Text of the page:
They can enforce transaction taxes, value-added taxes, real estate taxes, again, anything to discourage people from getting involved, in residential real estate as an investment. If a big company like Evergrande, you may have heard of Evergrande. These massive real estate companies that are highly indebted, if they go bankrupt and they have actually sold stock in the United States and around the world, well, those people out there, they’ve lost their money because you’ve invested in stock markets.

You’re considered to be a speculator and there’s no pity for investors. However, what they would do is, is they take what they can get inside China. They would take all of Evergrand’s assets and they would go into the portfolio and, “Oh, you’re a first-time homeowner. We will do everything we can to help you.” “Oh, this is a second home.” These are second homes that are investments by people who are trying to speculate on residential real estate. Sorry.

We’ll just nationalize those and we’ll allocate those to state-owned enterprises (SOEs) so that they can sell them to first-time home buyers. So, you have to look at the status of the family that owns the house. First-time home buyers,  they will bend their backs over to keep them in the house. Secondary homes, investment homes, and speculative homes then they’re going to be lost because they’ve already been warned that that is not what should be done.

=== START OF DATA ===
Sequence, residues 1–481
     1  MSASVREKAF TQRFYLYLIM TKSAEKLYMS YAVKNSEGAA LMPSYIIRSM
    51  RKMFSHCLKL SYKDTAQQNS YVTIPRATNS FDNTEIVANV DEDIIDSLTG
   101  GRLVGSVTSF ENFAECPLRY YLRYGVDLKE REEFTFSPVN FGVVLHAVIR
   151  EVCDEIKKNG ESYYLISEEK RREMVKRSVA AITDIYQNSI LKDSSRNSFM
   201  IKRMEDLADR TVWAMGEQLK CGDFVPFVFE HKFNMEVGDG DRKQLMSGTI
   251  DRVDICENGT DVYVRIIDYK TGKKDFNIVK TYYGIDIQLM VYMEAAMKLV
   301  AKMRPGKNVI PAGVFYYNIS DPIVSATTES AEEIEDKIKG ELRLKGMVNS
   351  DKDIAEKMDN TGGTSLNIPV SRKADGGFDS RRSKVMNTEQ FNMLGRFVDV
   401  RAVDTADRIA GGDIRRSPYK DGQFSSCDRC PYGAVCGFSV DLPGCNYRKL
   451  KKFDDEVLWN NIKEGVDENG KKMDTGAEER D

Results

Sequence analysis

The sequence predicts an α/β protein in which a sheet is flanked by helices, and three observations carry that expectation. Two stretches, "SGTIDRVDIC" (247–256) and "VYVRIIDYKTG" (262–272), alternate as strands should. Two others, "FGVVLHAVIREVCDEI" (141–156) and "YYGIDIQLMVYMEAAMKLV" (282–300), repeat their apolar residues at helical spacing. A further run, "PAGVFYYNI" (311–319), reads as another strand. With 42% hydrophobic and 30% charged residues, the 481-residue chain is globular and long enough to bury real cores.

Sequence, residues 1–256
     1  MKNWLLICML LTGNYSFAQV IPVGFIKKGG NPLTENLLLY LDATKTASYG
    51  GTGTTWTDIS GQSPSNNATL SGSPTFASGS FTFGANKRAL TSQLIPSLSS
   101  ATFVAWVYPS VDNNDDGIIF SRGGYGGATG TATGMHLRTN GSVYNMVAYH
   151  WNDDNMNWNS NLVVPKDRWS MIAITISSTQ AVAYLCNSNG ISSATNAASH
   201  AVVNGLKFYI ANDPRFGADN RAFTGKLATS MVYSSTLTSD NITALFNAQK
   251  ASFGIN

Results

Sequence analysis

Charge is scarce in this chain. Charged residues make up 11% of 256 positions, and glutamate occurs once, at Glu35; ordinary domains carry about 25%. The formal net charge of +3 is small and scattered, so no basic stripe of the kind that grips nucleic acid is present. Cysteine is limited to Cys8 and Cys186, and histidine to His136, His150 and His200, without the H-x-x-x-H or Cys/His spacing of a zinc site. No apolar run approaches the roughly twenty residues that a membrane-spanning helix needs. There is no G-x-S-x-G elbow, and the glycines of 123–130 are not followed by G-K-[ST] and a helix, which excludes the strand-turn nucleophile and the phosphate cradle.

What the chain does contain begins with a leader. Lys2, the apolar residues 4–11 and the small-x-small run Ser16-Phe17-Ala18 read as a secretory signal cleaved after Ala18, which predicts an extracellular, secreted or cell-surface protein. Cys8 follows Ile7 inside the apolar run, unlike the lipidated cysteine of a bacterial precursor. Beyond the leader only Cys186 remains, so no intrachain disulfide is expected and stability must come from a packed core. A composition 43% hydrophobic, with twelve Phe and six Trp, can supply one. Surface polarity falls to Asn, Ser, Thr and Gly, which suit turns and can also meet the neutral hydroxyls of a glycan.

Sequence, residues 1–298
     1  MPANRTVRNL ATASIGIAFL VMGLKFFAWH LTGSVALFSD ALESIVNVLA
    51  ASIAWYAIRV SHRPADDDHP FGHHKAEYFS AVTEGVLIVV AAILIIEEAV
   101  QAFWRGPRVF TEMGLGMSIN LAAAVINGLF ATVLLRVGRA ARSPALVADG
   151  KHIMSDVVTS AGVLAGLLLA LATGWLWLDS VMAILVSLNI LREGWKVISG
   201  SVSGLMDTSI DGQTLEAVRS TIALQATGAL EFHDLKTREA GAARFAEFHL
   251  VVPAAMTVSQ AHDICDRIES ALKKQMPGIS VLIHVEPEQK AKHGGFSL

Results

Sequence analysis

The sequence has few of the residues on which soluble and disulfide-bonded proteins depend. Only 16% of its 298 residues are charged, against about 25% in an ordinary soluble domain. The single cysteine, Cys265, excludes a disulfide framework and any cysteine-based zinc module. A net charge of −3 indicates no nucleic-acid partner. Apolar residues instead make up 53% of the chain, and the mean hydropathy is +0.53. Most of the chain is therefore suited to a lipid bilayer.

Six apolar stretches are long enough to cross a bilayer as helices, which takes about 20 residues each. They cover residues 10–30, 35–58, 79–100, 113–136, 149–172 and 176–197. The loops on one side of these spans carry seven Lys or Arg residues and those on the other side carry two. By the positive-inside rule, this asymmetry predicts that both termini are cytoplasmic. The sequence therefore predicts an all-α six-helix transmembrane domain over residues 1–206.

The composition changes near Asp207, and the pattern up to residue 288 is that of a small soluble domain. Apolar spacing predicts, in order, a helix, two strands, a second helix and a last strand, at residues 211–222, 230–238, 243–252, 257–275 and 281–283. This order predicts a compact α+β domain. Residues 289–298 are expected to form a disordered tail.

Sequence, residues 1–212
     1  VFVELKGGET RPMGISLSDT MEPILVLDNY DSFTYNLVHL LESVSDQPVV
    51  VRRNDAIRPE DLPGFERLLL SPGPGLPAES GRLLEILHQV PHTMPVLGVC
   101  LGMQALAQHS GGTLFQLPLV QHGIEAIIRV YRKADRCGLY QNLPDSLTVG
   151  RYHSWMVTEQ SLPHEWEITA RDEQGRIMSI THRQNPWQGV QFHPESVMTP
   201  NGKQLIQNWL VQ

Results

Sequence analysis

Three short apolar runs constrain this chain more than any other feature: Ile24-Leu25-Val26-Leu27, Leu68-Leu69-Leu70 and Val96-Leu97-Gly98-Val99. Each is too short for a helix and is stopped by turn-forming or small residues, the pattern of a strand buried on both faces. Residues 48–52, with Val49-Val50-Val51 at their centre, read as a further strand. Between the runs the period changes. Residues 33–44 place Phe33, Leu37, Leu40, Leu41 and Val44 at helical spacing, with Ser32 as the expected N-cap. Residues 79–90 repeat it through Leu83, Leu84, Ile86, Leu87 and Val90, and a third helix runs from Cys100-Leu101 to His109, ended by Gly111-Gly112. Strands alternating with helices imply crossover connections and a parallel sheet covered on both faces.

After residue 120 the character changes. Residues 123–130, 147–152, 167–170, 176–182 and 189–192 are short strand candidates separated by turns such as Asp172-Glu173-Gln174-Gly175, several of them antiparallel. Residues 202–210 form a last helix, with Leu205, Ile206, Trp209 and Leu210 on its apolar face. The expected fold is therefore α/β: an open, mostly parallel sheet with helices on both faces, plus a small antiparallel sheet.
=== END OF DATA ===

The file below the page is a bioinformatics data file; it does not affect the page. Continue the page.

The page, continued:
As far as stock markets, shadow banks which have been almost destroyed in China, they’ve gone in and pretty much wiped them all out. Hedge funds, There’s a huge hedge fund that Zero Hedge keeps talking about. It’s the Black Rock of China. Well, I can guarantee you that Baba Beijing is licking its chops because if that thing goes under, they will just sit there and do the same thing. They will nationalize the assets. You are a greedy speculator for being in that hedge fund.

You will lose your investment and we will take the assets that are there and allocate them that are remaining and allocate good assets to the state-owned enterprises for investment in infrastructure, et cetera. And of course, since the banks are people-owned, the insurance companies are people-owned then there’s a lot of places for them to put that kind of thing.